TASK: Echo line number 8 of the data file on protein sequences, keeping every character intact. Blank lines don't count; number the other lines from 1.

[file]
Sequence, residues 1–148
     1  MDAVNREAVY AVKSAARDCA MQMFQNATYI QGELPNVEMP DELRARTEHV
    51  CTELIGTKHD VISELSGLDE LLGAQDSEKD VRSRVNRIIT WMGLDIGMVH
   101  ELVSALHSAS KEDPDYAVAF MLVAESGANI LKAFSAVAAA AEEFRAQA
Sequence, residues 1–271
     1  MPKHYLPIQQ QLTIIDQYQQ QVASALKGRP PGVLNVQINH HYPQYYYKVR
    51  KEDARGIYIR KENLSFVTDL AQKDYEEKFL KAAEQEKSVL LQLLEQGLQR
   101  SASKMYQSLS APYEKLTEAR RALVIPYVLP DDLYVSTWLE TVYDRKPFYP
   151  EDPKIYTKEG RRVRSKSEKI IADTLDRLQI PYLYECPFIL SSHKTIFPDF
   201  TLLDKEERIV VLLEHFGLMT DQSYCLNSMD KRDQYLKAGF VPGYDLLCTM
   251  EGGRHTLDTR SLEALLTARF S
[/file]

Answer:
   101  SASKMYQSLS APYEKLTEAR RALVIPYVLP DDLYVSTWLE TVYDRKPFYP